If you fell and broke your arm, you would go to a hospital without thinking twice about it and you certainly wouldn’t worry about what others thought about you nor would you have to hide in your home until it healed. You wouldn’t worry about your job being taken away or be concerned that people think you are incompetent just because you have a broken bone.
It’s unlikely that people would whisper about you behind your back because you have a broken arm or say that you were crazy because you received treatment for your injury. I doubt that anyone would say to you to “just suck it up” and “deal with it” because you are in unbearable pain.
Unfortunately, when it comes to a person who is thinking about suicide, we frequently see those behaviors from people who believe that depression, anxiety and trauma are conditions to simply, “get over”.
In October 2012, I received an email that shocked me more than any other I’ve received in my career. What I saw was a report about the suicide rate in east central Indiana and Madison County in particular. The Center for Disease Control’s 2010 report revealed that Madison County has the highest suicide rate in east central Indiana. Of the 92 people we know we lost to suicide that year, 28 were from our county. Twenty-eight is only the number of suicides that we know about as reported by the coroner. That total doesn’t take into account the number of deaths by so-called “accident.”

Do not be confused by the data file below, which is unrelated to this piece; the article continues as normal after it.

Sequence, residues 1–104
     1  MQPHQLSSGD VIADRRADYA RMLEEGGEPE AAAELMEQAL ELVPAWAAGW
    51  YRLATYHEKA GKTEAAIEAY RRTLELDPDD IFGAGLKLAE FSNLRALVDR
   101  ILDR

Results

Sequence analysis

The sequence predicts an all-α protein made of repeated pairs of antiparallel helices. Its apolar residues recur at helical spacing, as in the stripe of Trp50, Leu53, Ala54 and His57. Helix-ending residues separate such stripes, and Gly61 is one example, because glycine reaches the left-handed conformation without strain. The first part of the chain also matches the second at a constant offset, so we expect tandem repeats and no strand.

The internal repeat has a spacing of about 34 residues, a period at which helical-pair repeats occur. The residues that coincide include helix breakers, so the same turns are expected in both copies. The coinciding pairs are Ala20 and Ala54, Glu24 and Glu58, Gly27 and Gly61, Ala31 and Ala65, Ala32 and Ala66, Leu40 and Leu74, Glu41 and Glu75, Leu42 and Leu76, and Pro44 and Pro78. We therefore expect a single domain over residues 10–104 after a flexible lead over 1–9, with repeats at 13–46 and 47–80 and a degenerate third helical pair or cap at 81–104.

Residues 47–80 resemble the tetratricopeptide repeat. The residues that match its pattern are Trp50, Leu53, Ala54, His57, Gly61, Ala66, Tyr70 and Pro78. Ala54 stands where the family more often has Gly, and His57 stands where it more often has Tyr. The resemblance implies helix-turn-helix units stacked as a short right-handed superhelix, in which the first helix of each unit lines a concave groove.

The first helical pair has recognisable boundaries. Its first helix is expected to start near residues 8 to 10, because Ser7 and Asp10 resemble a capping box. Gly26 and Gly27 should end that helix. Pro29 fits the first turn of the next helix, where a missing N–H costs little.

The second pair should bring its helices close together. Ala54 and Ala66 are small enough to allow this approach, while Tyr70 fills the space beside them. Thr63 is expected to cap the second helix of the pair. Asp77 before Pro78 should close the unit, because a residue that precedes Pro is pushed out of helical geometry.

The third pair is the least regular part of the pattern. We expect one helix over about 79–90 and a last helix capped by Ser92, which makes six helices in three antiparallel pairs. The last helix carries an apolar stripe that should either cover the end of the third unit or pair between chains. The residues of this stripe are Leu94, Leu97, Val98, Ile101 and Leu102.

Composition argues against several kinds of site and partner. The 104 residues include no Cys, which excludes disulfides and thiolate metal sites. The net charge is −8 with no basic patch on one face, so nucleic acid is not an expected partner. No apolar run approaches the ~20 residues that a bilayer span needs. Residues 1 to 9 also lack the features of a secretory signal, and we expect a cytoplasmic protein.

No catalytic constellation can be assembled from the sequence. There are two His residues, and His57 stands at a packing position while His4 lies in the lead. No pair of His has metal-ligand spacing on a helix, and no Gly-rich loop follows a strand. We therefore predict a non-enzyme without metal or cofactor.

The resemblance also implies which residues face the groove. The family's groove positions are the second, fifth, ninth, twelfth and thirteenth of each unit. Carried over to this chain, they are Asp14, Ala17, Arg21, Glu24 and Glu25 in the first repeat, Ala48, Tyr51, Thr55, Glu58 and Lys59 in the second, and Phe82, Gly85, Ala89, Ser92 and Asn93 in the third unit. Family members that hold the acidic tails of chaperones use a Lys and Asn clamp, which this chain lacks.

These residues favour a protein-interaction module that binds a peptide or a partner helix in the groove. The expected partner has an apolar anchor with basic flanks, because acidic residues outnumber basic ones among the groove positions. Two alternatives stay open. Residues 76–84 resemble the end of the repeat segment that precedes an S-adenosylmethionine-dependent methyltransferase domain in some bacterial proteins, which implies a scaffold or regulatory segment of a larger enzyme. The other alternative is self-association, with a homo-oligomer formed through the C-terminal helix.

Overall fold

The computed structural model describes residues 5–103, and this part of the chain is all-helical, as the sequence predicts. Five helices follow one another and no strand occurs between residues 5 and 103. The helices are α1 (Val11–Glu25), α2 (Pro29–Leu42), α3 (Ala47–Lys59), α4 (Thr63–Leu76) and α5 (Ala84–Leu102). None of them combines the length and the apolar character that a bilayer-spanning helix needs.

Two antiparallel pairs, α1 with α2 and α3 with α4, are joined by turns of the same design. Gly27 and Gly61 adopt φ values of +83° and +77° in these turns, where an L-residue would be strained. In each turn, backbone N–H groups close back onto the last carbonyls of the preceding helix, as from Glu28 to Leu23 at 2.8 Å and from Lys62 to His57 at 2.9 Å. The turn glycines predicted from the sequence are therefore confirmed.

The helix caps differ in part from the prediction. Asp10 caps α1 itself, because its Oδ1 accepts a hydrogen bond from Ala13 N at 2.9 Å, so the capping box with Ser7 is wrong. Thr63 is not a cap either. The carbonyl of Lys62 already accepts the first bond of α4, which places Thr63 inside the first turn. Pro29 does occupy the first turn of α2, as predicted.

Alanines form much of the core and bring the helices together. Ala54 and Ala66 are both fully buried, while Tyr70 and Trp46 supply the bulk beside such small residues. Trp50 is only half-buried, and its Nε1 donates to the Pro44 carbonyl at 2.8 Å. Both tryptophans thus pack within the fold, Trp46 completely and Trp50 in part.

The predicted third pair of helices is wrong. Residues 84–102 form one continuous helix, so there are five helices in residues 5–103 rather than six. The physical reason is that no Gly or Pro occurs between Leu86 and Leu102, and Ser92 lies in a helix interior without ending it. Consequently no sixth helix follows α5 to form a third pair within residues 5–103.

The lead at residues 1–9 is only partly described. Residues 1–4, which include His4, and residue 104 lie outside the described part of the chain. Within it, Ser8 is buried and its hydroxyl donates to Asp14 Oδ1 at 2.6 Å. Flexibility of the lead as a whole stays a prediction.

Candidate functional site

The suicide rate in east central Indiana has been higher than the state and national rates for several years and now we know that 30 percent of the suicides that occurred in east central Indiana in 2010 were from Madison County. I couldn’t believe what I was reading at first but after the initial shock wore off I began to contact several colleagues in Madison County to see what we could do as a group of concerned citizens to prevent suicide in our community. You don’t have to work in the health field to help someone who is thinking about suicide.